There’s delight to be slurped up on East Main Street in Bozeman. Chef Daniel Wendell of The Food Studio, a catering and special events venue, quietly opened Tanoshii a few weeks ago. In Japanese, tanoshii means delightful or pleasant. Wendell had hoped to open this Japanese soul food restaurant last year, but the COVID pandemic delayed the restaurant’s debut until recently.
In Japan, small intimate eateries like Tanoshii specializing in one item are showcased in food courts in department store basements or intimate establishments on side streets. Though the galley-style kitchen is located in the back of this long space, it’s open to the dining area so the sounds of cooking blend with conversation.
My husband and I sat down at a table for two right next to the wood-topped bar. In this brick-walled building, elements of wood with colors of black and grey honor the culture of the Land of the Rising Sun.
Wait staff Will Barrett immediately appeared with paper menus after we sat down. Enjoying a change of pace from his journalism background, he offered suggestions and helped interpret the menu.
We had a hard time deciding on what to order from the packed and diverse offerings. For lunch, there were seven categories with some two dozen dishes to choose from.
We ordered from the top of the menu,“Okonomiyaki waffles" — a play on the traditional Japanese dish, typically a savory pancake made with “a batter of red and green cabbage, Japanese mountain yam, egg and (gluten-free) flour, served with pickled ginger, furitake seasoning, scallions, Kewpie mayo and okonomiyaki sauce” with fried chicken. In essence, Japanese-style chicken and waffles. As a tofu lover, my husband selected the "crispy agadashi" with tofu “dusted in potato starch, fried and served with sweet dashi.” Finally, the vegan ramen appealed to us, as did the Japanese curry.
Sous chef Austin Johnson, who has worked at the Food Studio for four years, brought out a small dish of Spicy Sansho Chili Crisp, a condiment with chili and oil — a spice for the senses.
The crunchy texture comes from peanuts, fried garlic and shallots, with spicy heat from Adobo chilies, Sichuan peppercorns, ginger, and green and black peppercorns. This is Tanoshii’s version of the sauce, Lao Gan Ma, that my father added to everything he ate.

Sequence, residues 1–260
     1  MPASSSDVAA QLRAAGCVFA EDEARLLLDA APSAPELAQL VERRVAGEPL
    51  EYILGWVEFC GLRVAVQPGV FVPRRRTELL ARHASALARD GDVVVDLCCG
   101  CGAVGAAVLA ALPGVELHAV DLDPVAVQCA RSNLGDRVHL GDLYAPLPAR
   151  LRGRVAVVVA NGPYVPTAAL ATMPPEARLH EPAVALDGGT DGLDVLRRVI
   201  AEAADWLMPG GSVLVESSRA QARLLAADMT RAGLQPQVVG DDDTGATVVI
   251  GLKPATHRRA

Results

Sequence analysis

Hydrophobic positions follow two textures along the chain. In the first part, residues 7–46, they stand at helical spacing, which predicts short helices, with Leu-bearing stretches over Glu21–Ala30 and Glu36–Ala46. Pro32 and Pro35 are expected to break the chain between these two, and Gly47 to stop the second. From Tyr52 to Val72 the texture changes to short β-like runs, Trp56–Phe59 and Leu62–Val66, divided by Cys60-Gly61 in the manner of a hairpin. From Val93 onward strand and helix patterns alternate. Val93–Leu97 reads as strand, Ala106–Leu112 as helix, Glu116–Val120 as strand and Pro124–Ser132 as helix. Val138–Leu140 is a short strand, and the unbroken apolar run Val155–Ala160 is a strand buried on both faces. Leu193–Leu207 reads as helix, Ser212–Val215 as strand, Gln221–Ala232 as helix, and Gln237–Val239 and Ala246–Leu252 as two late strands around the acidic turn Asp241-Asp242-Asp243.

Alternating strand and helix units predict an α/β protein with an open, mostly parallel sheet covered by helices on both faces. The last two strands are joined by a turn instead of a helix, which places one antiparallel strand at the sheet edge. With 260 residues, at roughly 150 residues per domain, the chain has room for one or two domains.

After we had finished eating, Chef Wendell came by to ask us how we liked the food. In my mind, I was thinking: I am full, but I want to keep eating.
He shared of what he was doing with the menu and of what he wanted his customers to experience. “I want to bring in Olive-fed Waygu, from Shodoshima Island, an imported Japanese beef that is fed olive mash exclusively, translating into incredibly marbled meat that is lusciously tender.
“I will frame the certificate that comes with a nose print of the cow,” he said enthusiastically. When Japanese Waygu beef is sold to consumers, it comes with a nose imprint and information including origin, grade, harvest date and marbling score. Wendell said, “I am not going to make any money. I just want people to try it.”
“I want to bring in seasonal vegetables. Most people don’t do vegetables,” said Wendell, hoping to show off his finesse with Mother Nature’s bounty. In his greenhouse and garden just outside town, “I want to grow taisoi, mizuna, mitsuba and negi. I am doing my own microgreens. I am hoping to supply all my own things.”
Private chef and owner of The Hummingbird’s Kitchen, Linda Huang grew up in Shanghai and later lived in Thailand. Now in Bozeman, she said, “I have been to Tanoshii quite a few times. Daniel and I had lots of conversations about how to improve the flavor and quality. So far, I like the food there because it's all very fresh, and not sweet like the usual American Asian food.”
"Daniel is his most prominent critic, so he works hard to do the right thing,” she added. In doing the right thing, Tanoshii is a delightful addition to Bozeman.
Stella Fong, author of 'Historic Restaurants of Billings and Billings Food' hosts 'Flavors Under the Big Sky: Celebrating the Bounty of the Region' for Yellowstone Public Radio.
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